In universities where Java’s used as the standard intro-level language, there’s some advantage to continuing to scaffold atop it for further things, because you can assume everyone already knows the basics. But it’s falling out of favor for intro-level classes in favor of Python. So I think you will either see people introducing this “streams” style of programming in Python if the circumstances fit, or else they’ll stick with a more traditional introduction to sequence filtering/mapping/etc. in the context of an introducion to functional programming, in Haskell or ML or maybe some Lisp dialect.

                                                  1. 1

                                                    So I think you will either see people introducing this “streams” style of programming in Python if the circumstances fit, or else they’ll stick with a more traditional introduction to sequence filtering/mapping/etc. in the context of an introducion to functional programming, in Haskell or ML or maybe some Lisp dialect.

                                                    I’m aware of some libraries that provide special syntax for that in Python, but I don’t think anything other than list comprehensions (and maybe higher-order functions) for this kind of stuff is considered “Pythonic”.

                                              2. 3

                                                I did much the same but tried to introduce names in the same places as in the original; as relatively idiomatic Java that’s:

                                                public class Triangles {
                                                    public static void main( String[] args ) {
                                                        System.out.println( triangle( 4 ) );
                                                    }
                                                
                                                    public static String triangle( int n ) {
                                                        return IntStream.rangeClosed( 1, n ).mapToObj( Triangles::line ).collect( Collectors.joining( "\n" ) );
                                                    }
                                                
                                                    public static String line( int n ) {
                                                        return alternating( n ).limit( n ).mapToObj( Integer::toString ).collect( Collectors.joining( " " ) );
                                                    }
                                                
                                                    public static IntStream alternating( int start ) {
                                                        return IntStream.iterate( start, i -> i + 1 ).map( i -> i % 2 );
                                                    }
                                                }
                                                

                                                You can also go totally crazy, but I wouldn’t recommend it:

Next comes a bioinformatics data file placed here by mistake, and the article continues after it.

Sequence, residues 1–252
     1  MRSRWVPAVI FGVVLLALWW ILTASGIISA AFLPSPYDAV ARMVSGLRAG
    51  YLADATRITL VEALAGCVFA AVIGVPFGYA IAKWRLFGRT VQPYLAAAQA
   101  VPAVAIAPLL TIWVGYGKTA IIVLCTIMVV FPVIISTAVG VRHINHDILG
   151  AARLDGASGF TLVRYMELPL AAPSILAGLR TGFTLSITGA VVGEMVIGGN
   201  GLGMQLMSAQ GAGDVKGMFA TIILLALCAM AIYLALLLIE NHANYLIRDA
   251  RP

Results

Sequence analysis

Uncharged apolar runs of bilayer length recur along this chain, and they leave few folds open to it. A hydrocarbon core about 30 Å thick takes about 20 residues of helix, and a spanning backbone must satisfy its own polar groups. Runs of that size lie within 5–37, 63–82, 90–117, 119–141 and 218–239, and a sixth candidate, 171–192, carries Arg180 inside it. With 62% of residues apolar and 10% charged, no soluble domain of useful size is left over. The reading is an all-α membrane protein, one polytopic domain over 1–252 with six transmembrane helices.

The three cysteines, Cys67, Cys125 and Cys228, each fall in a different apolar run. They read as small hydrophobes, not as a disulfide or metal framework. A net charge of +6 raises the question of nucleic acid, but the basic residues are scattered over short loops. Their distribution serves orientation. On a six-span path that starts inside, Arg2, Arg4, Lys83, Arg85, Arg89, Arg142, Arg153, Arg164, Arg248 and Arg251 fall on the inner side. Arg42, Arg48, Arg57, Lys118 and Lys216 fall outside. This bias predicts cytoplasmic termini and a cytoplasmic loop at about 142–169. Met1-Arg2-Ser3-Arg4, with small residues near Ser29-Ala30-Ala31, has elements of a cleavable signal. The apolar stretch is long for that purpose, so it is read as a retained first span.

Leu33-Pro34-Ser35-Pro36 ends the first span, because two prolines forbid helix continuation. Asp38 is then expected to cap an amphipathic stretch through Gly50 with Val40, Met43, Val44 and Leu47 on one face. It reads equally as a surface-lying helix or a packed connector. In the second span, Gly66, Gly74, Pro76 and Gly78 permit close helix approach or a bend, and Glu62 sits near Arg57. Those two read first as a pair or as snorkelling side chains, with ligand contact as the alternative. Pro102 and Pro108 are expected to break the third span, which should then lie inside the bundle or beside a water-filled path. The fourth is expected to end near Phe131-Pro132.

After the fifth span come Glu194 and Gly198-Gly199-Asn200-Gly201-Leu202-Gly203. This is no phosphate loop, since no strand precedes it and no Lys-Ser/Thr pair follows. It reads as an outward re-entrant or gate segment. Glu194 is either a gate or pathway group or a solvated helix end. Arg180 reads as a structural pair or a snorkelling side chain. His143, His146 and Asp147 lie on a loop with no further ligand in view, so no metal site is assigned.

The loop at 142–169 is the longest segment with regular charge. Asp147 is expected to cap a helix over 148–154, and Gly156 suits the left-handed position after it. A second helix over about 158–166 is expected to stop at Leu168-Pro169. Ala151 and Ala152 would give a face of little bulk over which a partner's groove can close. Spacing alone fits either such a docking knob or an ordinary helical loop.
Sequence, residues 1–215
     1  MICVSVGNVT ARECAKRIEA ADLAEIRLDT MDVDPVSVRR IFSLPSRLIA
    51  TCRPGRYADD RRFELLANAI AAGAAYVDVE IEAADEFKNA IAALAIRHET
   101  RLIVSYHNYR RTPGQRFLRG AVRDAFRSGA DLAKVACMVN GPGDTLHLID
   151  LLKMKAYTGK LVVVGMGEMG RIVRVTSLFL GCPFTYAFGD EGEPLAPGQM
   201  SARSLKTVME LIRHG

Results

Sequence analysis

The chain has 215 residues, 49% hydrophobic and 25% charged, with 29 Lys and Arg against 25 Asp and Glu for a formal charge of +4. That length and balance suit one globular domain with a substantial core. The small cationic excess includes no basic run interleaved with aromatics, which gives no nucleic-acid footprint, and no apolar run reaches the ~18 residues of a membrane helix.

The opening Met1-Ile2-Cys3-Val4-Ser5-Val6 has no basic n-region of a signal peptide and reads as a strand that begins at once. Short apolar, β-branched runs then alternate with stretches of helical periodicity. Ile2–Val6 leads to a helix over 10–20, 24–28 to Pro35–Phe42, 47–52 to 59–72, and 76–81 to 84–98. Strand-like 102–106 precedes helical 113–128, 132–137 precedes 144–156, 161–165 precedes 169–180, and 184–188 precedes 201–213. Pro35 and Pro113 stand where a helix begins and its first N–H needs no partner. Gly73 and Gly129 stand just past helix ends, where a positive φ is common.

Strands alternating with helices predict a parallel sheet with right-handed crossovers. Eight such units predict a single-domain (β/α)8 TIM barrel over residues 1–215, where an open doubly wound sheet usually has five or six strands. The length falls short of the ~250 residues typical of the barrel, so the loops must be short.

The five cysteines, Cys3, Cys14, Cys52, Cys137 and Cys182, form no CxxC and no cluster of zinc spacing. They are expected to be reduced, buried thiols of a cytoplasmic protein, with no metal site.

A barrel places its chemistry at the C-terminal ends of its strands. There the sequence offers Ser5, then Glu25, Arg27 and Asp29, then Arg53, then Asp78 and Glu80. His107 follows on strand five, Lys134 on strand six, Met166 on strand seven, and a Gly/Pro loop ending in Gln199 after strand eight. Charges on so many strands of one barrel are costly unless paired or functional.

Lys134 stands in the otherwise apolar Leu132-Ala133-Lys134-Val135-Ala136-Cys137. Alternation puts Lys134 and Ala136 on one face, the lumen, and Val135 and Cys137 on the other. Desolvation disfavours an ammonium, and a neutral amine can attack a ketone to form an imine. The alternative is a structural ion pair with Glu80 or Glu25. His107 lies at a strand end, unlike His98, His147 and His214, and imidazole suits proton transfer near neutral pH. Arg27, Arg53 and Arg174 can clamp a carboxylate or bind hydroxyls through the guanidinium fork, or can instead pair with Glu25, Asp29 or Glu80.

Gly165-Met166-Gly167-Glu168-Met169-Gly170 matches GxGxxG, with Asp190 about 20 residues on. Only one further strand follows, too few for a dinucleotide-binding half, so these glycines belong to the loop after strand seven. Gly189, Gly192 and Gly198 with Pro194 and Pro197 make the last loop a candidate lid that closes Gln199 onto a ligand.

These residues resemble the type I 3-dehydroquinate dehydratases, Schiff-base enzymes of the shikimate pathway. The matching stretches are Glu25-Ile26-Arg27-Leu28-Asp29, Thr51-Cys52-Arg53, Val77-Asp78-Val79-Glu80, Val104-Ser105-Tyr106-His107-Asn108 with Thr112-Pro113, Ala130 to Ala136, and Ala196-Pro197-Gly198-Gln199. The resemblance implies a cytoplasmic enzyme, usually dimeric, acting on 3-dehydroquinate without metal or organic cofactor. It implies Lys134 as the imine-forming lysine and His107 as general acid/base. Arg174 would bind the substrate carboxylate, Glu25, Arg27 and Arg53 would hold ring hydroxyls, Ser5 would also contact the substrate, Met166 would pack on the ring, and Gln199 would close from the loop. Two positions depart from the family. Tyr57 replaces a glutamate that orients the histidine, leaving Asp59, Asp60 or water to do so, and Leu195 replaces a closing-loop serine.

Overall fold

public class Triangles {
                                                    public static void main( String[] args ) {
                                                        IntFunction<IntStream> alternating = i -> IntStream.iterate( i, n -> n + 1 ).map( n -> n % 2 );
                                                        IntFunction<String> lines = l -> alternating.apply( l ).limit( l ).mapToObj( Integer::toString ).collect( Collectors.joining( " " ) );
                                                        IntFunction<String> triangle = n -> IntStream.rangeClosed( 1, n ).mapToObj( Triangles::line ).collect( Collectors.joining( "\n" ) );
                                                
                                                        System.out.println( triangle.apply( 4 ) );
                                                    }
                                                }
                                                
                                                1. 2

                                                  Great, now I want to my own version but I have to work…

                                                  1. 5

                                                    I wrote mine too! ;)

                                                    Funny how similar Rust and Haskell are in those small examples.

                                                1. 2

                                                  it’s hard to tell what this has to do with plan 9… what is “go and plan 9 assembly”?

                                                  1. 4

                                                    Plan 9 had its own assembler and the one in the Go toolchain is based on it, which might explain its use here. Like you I’m not sure why the prominent billing in the title of this post, the actual page doesn’t make a huge deal out of it.

                                                    1. 5

                                                      IIRC, plan 9 assembly is platform independent; the plan 9 assembler takes it as input and outputs platform-specific machine code. This means it’s more portable, basically.

                                                  1. 39

                                                    A single anecdote honestly doesn’t even hint very hard that this is a real thing. Confirmation bias is incredibly strong. In the absence of significantly more rigorously-collected evidence, I’m very strongly inclined to say the ad was relevant by pure coincidence.